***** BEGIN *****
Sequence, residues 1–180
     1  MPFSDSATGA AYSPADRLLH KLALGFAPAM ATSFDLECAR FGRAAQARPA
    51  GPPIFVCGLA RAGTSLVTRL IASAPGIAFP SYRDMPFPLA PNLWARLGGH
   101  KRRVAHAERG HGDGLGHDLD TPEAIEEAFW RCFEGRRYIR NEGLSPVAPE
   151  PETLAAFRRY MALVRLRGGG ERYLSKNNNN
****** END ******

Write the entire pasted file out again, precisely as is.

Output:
Sequence, residues 1–180
     1  MPFSDSATGA AYSPADRLLH KLALGFAPAM ATSFDLECAR FGRAAQARPA
    51  GPPIFVCGLA RAGTSLVTRL IASAPGIAFP SYRDMPFPLA PNLWARLGGH
   101  KRRVAHAERG HGDGLGHDLD TPEAIEEAFW RCFEGRRYIR NEGLSPVAPE
   151  PETLAAFRRY MALVRLRGGG ERYLSKNNNN